Book Review: Not My Girl

Not My Girl by Christy Jordan-Fenton & Margaret Pokiak-Fenton, illustrated by Gabrielle Grimard
Grade: 1-3

Not My Girl, written by Christy Jordan-Fenton and Margaret Pokiak-Fenton and illustrated by Gabrielle Grimard is based on the true story of Margaret Pokiak-Fenton and her experiences as a young girl.

10-year-old Margaret, named Olemaun by her family, returns home to her Inuit community in Canada after spending two years at a residential school, a place where Indigenous children were taught to assimilate and lose elements of their culture. Her life experiences no longer matched those of her family. Her hair is cut short, she was given a new name, she has forgotten her native language, and her mother no longer recognizes her child. Margaret (Olemaun) feels disappointed in herself for losing this part of her identity. 

She struggles to eat the food her family provides and relies on her father to translate language for her. Because Margaret (Olemaun) spent two years away from her family and her way of life, she struggles to adapt. She also cannot help her family with household tasks, she has trouble connecting with her friends and community after they see her as an outsider.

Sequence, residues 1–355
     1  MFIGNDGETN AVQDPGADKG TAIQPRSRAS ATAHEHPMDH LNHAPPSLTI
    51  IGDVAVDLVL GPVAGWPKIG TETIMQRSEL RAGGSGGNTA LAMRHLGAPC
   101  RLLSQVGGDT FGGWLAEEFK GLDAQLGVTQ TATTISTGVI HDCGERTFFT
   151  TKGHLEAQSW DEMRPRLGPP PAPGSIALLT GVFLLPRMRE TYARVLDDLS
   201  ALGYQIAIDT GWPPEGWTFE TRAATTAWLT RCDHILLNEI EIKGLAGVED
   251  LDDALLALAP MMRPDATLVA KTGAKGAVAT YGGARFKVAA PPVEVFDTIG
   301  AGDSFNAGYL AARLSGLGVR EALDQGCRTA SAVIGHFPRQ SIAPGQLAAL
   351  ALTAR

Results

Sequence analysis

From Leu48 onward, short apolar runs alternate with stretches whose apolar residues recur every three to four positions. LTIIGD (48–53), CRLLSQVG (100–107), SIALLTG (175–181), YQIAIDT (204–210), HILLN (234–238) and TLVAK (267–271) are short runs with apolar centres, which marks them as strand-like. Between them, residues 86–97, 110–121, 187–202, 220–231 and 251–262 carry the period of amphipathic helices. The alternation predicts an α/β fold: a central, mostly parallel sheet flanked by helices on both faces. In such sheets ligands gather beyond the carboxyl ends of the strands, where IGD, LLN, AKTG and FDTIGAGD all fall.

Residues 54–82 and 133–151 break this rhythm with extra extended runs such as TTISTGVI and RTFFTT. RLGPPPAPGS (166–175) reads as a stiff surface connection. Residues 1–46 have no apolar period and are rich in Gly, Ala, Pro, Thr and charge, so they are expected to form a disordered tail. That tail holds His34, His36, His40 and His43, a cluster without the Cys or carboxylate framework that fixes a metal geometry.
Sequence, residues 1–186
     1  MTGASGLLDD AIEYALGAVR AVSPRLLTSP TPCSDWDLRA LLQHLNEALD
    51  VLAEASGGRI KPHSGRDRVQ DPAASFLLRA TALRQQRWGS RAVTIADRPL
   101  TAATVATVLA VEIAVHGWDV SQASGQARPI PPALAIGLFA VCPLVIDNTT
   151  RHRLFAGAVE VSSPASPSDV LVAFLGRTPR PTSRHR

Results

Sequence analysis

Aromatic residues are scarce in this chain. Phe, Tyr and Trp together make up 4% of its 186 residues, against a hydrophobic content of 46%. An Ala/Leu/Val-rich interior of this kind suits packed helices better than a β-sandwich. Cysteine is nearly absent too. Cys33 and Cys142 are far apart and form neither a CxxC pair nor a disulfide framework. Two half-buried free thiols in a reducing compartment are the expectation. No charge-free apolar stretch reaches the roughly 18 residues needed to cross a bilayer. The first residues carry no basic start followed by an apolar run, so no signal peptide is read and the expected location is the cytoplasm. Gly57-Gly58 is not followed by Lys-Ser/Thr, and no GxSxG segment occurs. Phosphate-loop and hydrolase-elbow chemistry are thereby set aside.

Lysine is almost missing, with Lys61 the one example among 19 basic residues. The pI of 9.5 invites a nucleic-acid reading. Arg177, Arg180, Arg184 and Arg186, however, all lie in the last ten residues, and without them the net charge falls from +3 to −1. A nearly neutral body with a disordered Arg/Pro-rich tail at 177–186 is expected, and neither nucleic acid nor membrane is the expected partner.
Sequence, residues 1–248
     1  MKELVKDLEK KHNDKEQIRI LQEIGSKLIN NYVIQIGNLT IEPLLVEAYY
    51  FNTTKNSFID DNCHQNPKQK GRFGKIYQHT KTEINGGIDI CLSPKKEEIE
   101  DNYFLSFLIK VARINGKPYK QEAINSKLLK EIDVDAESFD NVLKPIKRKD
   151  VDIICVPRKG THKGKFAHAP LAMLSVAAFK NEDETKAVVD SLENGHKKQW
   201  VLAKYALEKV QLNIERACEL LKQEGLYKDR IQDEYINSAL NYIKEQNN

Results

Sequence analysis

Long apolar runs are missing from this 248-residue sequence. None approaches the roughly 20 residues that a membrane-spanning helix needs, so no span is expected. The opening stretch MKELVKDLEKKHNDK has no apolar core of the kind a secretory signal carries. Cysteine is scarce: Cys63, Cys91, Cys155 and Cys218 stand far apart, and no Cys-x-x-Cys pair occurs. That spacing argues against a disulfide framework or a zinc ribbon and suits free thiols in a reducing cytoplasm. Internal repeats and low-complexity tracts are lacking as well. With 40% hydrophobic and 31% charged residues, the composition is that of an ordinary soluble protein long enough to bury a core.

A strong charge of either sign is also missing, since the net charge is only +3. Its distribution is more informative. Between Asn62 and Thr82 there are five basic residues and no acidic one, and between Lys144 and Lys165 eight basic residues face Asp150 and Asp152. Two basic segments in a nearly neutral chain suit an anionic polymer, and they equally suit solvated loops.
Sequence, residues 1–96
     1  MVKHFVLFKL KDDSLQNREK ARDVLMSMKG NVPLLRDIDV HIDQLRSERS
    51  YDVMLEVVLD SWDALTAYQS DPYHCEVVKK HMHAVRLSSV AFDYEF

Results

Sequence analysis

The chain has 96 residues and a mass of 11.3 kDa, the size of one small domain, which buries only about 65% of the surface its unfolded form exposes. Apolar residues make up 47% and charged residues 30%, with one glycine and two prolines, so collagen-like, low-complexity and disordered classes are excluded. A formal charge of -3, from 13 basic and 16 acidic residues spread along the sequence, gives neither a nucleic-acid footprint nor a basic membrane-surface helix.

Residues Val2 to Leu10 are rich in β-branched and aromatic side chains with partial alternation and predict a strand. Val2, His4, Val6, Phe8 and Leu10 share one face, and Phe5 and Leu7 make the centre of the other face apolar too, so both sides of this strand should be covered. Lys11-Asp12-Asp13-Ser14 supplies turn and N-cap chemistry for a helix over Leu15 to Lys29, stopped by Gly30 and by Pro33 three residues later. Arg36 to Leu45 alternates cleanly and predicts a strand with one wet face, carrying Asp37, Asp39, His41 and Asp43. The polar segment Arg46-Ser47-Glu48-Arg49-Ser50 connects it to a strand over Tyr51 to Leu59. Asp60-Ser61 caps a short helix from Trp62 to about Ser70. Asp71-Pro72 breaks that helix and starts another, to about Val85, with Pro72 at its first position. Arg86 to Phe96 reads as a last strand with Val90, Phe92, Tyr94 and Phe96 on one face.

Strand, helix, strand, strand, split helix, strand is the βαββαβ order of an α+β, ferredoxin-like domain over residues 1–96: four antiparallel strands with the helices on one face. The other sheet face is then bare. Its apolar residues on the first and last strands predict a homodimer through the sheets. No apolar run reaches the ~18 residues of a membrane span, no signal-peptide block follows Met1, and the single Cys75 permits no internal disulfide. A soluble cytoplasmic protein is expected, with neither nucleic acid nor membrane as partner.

Margaret (Olemaun) looks inward to accept the parts of herself that she was unable to express while at the residential school. Through her family and her culture, Margaret-Olemaun learns to build her relationship with her past and future. 

Gabrielle Grimard’s illustrations are colorful and flowing and provide the reader with the ability to see the world through Margaret’s (Olemaun’s) perspective, demonstrating wide and open horizons and close looks into her family and life. 

Not My Daughter allows students to learn about a part of history from Canada that also took place in the United States. Students may have questions about the experience after reading, and the publisher created a discussion and study guide to assist in the learning process.

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